# N Choose K

## Discrete Math for Indiscreet Games

I just published a small game Gauner Trio (roughly “Scoundrel Trio” in English), where the player must find the three culprits out of seven suspects. We often played the tabletop version of this game at home in my childhood, and I just wanted to implement it on my own in JavaScript.

# Discrete Mathematics

The biggest issue is: How do you generate the cards showing all possible
combinations of three suspects (out of seven)? Fortunately, PTSD kicked in and I
remembered my university course on discrete mathematics. The operation is called
*n choose k* and states that of all possible combinations of `n`

items, pick the
ones with `k`

items. Wikipedia redirects you to the article Binomial
coefficient, which is
probably the term the professor used.

Being a programmer, I’m not very good at math, but I least can *program*. But
how can the *n choose k* operation be implemented?

# Bit Fiddling

Let’s consider a set of `n`

bits, seven in our case. Each bit represents a
suspect. If the bit is set to 1, the suspect is to be displayed on the card, and
if the bit is set to 0, the suspect won’t be on the card.

To generate all the possible combinations of `n`

bits, let’s just count from
0 up to the highest possible number that can be represented with `n`

bits, e.g.
2 to the power of `n`

, e.g. `2^7=128`

:

```
0000000
0000001
0000010
…
1111111
```

This gives us 128 unique combinations. However, the card stack is actually way
*smaller* than 128 in the board game. This is because all cards show three
suspects, and not 7 or 0. So we only need to consider the combinations with `k`

bits set to 1 (and the other `n-k`

bits set to 0).

So we need to

- generate a sequence of numbers from 0 up to
`2^n`

, - and filter all the numbers with
`k`

bits set to 1.

But how?

# JavaScript Implementation

First, let’s iterate from 0 to `2^n`

:

```
const limit = Math.pow(2, n);
for (let i = 0; i < limit; i++) {
// TODO
}
```

Now for each number, we need to figure out if it has `k`

bits set to 1. We can
apply the *binary and* operator to `i`

to figure out if the rightmost bit is set
to 1. Then the number `i`

just needs to be shifted `n-1`

times to the right so
that the other bits can be checked. Let’s do that for a single number `i`

:

```
let mask = i;
let ones = 0;
for (let j = 0; j < n; j++) {
if (mask & 1 == 1) {
ones++;
}
mask >>= 1;
}
```

Notice that `>>=`

is not a fancy functional operator, but the combination of
the assignment `=`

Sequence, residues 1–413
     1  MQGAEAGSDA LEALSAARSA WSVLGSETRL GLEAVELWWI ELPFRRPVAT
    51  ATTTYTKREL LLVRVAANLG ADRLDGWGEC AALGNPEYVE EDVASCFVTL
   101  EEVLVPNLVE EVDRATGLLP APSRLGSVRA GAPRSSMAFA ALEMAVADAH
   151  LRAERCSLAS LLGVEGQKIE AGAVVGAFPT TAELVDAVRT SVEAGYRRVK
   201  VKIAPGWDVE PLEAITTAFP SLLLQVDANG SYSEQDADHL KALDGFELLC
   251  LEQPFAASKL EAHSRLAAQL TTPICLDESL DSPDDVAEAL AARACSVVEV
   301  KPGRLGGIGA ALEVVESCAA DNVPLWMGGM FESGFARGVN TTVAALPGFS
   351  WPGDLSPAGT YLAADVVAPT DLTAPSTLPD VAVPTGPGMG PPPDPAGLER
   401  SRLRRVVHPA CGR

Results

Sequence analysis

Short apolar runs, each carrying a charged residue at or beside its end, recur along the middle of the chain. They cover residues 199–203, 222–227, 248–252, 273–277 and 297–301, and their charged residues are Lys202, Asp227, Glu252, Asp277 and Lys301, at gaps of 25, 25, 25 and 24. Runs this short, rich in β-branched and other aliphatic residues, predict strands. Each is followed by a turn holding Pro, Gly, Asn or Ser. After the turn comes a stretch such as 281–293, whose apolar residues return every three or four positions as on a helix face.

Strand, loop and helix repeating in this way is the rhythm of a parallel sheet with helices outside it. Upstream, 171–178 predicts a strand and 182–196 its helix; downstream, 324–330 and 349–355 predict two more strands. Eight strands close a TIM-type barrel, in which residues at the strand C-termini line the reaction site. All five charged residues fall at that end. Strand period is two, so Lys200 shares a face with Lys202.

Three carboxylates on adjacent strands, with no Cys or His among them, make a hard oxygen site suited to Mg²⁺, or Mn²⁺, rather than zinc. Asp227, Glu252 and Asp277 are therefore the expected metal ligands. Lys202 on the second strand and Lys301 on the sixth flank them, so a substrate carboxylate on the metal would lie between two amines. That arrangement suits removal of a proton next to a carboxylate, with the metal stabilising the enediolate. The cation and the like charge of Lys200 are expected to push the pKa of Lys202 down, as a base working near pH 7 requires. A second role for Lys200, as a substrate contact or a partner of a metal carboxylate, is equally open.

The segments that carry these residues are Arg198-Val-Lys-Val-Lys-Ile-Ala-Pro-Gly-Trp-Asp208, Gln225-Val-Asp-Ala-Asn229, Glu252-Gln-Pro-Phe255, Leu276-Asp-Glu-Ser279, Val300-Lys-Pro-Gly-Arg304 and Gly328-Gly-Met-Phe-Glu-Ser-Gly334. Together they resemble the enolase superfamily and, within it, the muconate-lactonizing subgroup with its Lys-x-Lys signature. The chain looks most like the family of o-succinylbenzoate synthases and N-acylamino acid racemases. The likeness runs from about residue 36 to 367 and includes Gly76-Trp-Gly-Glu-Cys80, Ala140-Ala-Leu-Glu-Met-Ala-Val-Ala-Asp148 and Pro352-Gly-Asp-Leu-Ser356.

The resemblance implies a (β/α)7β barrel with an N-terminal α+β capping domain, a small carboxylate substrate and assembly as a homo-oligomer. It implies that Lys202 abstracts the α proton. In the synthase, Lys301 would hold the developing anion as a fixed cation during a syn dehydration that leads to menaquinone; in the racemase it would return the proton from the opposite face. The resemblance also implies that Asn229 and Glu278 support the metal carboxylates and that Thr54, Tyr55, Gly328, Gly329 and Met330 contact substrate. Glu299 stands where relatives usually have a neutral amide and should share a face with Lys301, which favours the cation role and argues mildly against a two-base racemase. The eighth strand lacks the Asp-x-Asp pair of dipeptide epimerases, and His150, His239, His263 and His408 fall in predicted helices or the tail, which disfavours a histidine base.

and the right shift `>>`

operators.

Now if `ones == k`

applies for `i`

, then `i`

represents a number with `k`

bits
set to 1. But how does this help us in the greater scheme of things?

## Picking from Arrays

Let’s take a step back and look at what we’d like to achieve: We have `n`

elements for which we’d like to create *n choose k* combinations of `k`

elements. If those items are passed in as an array, we should return an array
of length *n choose k* with `k`

elements each:

```
const nChooseK = (elements, k) => {
const choices = [];
const limit = Math.pow(2, elements.length);
for (let i = 0; i < limit; i++) {
// TODO
}
return choices;
}
```

We’re not only interested in the number of 1 bits, but also in their exact
positions, which translate to array indices for the elements to be picked. So
here’s the code replacing the `TODO`

comment above:

```
let mask = i;
const positions = [];
for (let j = 0; j < elements.length; j++) {
if (mask & 1 == 1) {
positions.push(j);
}
mask >>= 1;
}
if (positions.length == k) {
const names = [];
for (let position of positions) {
names.push(elements[position]);
}
choices.push(names);
}
```

We actually no longer need to count the bits, but just add the bit index `j`

to
an array of `positions`

. If we end up with a `positions`

array of length `k`

in
the upper `for`

loop, then all the names pointed to can be added as a new
combination to the result set `choices`

.

## The n Choose k Function

Here’s the function in full:

```
const nChooseK = (elements, k) => {
const choices = [];
const limit = Math.pow(2, elements.length);
for (let i = 0; i < limit; i++) {
let mask = i;
const positions = [];
for (let j = 0; j < elements.length; j++) {
if (mask & 1 == 1) {
positions.push(j);
}
mask >>= 1;
}
if (positions.length == k) {
const names = [];
for (let position of positions) {
names.push(elements[position]);
}
choices.push(names);
}
}
return choices;
};
```

And here’s how it can be used (here with `n=3`

and `k=2`

for the sake of brevity):

```
nChooseK(["a", "b", "c"], 2); // [["a", "b"], ["a", "c"], ["b", "c"]]
```

With the original problem of `n=7`

and `k=3`

, we get the following result:

```
let cards = nChooseK(["a", "b", "c", "d", "e", "f", "g"], 3);
cards.length; // 35
```

35 is not only what Wolfram Alpha answers to my query “7 choose 3”, but also the actual amount of cards in the original game. (Trust me, I double-checked in my mother’s attic.)

## Exercises

There are various ways in which the code above can be improved. Here are some ideas:

- Re-write
`nChooseK`

in TypeScript; i.e. add type annotations to make the intent of the parameters and variables more clear. Maybe a`Set`

is the better choice than`Array`

for this problem. - Re-write
`nChooseK`

in a functional style. The`filter`

,`map`

, and`reduce`

methods of`Array`

(or`Set`

) might come in handy for this purpose.